Within the framework of THINK 2030, an IEEP project to support a science-based agenda for European environmental policy beyond 2020, the authors set out what policy actions the EU and Member States can and should take in the coming decade to achieve a circular shift in Europe.
The Barriers & Drivers to a Circular Economy report provides a review of pre-Circular Economy Action Plan studies on green growth, and showed that "a Circular Economy demands a system change with parallel actions along the value chain rather than a purely sector and/or product focused approach".
While many strategies by national and regional governments have been launched since the report's publication in 2015, its succinct overview of the issues impeding a circular transition remains useful for policy researchers. Many barriers, especially with consumer acceptance or price incentives of recylced materials, persist till today.
The Challenges, Opportunities and Pathways for European Businessin Circular Economy report is a EUROCHAMBRES initiative launched in order to better understand if and how the circular economy will benefit European businesses, and to delineate a successful transition. This will be the basis for a policy strategy to contribute to an enriching debate on future legislative proposals at European level.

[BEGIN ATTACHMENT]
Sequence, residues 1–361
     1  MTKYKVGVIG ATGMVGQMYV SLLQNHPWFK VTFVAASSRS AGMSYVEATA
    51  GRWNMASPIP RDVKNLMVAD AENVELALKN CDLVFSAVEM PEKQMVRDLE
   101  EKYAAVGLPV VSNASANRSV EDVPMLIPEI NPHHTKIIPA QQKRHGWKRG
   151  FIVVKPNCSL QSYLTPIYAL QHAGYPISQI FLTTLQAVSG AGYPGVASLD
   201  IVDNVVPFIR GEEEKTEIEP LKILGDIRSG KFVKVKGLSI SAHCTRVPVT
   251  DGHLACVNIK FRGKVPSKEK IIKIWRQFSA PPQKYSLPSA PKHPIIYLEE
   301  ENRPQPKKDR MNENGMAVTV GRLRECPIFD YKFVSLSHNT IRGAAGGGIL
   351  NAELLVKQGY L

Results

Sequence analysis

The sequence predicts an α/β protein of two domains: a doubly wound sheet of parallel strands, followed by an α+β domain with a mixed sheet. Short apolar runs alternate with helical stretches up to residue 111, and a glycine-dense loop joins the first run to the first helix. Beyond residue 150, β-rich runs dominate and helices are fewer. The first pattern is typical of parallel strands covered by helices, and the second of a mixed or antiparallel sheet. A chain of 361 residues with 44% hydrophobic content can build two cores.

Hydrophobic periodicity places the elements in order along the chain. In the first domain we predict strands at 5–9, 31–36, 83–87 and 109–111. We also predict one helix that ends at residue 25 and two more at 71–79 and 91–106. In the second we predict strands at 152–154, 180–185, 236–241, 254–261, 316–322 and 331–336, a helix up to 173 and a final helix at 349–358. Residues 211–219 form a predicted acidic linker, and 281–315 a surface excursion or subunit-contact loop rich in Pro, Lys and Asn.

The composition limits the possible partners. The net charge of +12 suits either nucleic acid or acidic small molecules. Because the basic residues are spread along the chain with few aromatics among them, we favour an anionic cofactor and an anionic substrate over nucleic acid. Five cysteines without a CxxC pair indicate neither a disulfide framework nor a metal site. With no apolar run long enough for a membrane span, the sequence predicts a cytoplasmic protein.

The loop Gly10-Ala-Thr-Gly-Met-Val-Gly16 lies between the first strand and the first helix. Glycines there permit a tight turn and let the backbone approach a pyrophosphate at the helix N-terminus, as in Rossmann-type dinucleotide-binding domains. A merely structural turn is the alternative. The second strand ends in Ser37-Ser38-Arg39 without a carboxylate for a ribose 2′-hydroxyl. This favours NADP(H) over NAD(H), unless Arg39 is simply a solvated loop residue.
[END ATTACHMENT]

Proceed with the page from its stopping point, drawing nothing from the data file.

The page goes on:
This report is a comprehensive meta-analysis of the most up-to-date quantitative studies on the circular economy, and elaborates on nine industrial sectors (agriculture, construction, mobility, hospitality and food services, metal manufacturing, electronics, textile, food & drink manufacturing, and plastics) including case studies. Bearing in mind the future of European manufacturing industries and businesses, the paper focuses on European trends derived from available data regarding investment costs, cost savings, and investment opportunities.
Today, most electrical/electronic equipment (EEE) is not designed for recycling, let alone for circulation. Plastics in these products account for 20% of material use, and through better design, significant environmental and financial savings could be made. Technological solutions and circular design opportunities already exist, but they have not yet been implemented. Some challenges, such as ease of disassembly, could be resolved through better communication and by sharing learnings across the value chain. Instead of WEEE, we should focus on developing CEEE: Circular Electrical and Electronic Equipment. The case examples of this report show how different stages of the lifecycle can be designed so that circular plastic becomes possible and makes business sense. It is time to take a leap in material flow management and scale up these circular solutions across the industry.